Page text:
Thanks Jane. The Super Bowl is the championship game for the NFL. I wasn’t in a different league, it was the NFL, and I did make it to the game right before the Super Bowl.Anyway, thanks agin for the retorts.All the best,Tom

  9. May 19, 2009 at 7:41 pm

    Thanks for that clarification, Tom–I was completely wrong!I particularly like this bit of your comment:I did make it to the game right before the Super Bowl.Speaking as someone who can’t throw a ball in a straight line, I am in awe.

  10. May 19, 2009 at 9:32 pm

    JaneIt’s been fun conversing with you, especially since we are an ocean apart.Maybe, just maybe, you’ll give my book a full read? If not, no hard feelings.All the best to you.Sincerely,Tom McManus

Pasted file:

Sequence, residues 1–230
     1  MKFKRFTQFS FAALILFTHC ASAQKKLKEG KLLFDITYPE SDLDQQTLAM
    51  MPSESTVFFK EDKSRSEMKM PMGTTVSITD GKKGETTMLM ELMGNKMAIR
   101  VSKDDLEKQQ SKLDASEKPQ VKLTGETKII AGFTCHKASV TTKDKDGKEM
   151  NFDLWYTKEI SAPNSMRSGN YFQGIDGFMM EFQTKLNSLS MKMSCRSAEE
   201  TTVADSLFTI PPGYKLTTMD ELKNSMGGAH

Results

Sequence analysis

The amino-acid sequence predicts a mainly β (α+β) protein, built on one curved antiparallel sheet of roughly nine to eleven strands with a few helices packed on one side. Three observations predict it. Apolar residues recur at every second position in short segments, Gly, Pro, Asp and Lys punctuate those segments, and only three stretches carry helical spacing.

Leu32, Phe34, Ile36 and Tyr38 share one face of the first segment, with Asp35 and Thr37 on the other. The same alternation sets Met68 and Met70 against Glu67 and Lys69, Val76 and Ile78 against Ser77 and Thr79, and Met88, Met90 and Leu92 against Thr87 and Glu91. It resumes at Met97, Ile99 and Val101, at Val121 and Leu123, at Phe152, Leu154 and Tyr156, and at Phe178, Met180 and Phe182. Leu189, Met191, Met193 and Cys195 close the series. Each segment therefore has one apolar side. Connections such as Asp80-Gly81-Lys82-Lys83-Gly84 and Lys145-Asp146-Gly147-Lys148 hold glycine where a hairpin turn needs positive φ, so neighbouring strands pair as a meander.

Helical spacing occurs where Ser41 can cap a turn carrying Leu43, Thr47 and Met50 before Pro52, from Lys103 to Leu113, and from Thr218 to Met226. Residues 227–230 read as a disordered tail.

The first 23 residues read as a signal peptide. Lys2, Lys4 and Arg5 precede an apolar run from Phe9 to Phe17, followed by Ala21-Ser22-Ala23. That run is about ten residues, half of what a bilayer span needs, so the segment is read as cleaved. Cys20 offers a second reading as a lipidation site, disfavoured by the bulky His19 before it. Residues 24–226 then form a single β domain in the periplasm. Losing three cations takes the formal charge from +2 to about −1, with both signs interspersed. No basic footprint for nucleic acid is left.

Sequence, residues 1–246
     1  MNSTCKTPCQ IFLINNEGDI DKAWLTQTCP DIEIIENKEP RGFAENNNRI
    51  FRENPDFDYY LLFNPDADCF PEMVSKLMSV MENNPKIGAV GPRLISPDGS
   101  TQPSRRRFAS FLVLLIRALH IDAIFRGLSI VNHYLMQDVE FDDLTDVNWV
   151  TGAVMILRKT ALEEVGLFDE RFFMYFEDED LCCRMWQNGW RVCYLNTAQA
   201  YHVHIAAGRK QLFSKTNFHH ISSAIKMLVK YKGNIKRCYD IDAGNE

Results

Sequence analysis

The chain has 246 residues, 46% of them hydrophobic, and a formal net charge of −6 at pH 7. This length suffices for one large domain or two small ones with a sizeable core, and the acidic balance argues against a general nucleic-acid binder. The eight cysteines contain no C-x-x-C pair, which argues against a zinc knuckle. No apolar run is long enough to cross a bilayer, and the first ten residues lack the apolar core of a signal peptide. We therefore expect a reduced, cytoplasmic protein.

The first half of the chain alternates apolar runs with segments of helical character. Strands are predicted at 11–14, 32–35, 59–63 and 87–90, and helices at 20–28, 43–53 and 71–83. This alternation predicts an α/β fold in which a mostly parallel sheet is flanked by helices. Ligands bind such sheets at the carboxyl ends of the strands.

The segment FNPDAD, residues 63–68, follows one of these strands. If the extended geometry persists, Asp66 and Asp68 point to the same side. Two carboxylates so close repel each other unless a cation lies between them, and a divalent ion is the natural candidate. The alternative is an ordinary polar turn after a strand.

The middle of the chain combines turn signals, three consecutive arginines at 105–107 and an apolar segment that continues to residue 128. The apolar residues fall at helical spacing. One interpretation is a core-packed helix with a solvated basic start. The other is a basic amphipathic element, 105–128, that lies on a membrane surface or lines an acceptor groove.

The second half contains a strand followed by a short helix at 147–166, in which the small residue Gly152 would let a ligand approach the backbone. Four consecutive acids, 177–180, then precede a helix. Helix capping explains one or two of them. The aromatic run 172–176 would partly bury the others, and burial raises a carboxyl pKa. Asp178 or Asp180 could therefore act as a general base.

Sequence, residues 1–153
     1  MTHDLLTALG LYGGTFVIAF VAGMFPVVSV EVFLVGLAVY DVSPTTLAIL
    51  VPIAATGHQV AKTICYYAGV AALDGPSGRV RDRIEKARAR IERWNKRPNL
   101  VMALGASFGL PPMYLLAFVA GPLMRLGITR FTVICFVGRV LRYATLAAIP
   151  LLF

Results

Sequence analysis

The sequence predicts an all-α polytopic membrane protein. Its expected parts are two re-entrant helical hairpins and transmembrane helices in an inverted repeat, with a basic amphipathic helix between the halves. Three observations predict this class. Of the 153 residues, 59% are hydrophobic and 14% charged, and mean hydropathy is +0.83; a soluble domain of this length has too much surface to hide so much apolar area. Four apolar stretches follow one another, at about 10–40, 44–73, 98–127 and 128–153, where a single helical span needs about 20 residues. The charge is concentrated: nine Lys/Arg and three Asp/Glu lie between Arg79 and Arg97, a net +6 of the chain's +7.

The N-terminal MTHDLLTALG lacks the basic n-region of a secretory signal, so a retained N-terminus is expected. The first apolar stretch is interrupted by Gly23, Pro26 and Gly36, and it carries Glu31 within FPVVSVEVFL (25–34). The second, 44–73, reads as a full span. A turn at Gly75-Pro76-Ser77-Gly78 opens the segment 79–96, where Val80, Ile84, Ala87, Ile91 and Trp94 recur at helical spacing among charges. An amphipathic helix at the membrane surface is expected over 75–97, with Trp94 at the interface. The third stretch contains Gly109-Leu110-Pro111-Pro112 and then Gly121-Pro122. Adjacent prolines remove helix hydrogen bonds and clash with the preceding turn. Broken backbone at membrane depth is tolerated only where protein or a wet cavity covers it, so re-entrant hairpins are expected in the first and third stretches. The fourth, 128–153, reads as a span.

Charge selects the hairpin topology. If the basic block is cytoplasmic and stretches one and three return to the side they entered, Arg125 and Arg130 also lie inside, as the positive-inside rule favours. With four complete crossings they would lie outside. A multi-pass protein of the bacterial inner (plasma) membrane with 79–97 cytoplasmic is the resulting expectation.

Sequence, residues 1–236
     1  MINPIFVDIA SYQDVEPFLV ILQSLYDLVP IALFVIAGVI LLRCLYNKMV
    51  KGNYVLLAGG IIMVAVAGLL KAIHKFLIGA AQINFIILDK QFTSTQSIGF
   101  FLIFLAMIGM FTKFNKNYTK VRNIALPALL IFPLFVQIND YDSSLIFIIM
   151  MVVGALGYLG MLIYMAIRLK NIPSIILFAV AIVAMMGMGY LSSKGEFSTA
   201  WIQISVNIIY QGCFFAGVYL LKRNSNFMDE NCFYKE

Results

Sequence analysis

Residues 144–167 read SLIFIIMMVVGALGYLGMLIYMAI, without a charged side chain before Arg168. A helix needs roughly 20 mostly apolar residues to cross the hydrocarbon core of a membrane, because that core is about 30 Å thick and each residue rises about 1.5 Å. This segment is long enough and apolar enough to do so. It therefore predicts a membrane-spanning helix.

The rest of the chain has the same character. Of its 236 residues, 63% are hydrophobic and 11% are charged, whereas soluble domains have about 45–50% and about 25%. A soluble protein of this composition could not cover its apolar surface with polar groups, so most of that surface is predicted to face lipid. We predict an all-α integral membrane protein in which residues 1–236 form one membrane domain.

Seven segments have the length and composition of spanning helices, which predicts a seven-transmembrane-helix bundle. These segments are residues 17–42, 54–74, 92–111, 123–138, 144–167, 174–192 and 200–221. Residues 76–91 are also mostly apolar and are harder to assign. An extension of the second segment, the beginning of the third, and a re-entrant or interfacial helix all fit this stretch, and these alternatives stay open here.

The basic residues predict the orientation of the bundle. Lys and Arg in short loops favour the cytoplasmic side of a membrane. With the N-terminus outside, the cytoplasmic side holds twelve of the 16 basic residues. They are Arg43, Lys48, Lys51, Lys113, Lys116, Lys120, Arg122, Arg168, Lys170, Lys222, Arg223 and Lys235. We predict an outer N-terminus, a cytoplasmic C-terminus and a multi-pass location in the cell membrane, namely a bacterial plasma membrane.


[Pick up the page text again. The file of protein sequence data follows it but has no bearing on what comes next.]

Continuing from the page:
11. May 24, 2009 at 9:15 am

    Tom, I’m so sorry that your most recent comment didn’t appear until now: I didn’t get an email notifying me that you’d left it, and so didn’t realise you were waiting for me to approve it.Seeing as you ask so very nicely, and have been so very dignified here, I’ve now put your book into my “to be read” pile, and will take another look at it when I can. That might not be soon: the pile is rather large (I’m a hopeless book-collector); but I will give it some more time.The best of luck to you in your publishing career. Do keep in touch.

  12. June 30, 2009 at 11:27 am

    It's a shame that Alice Hoffman didn't ask Tom McManus how to handle negative reviews before she Twittered: she could have learned a lot about responding with dignity and grace. I've just blogged about that here.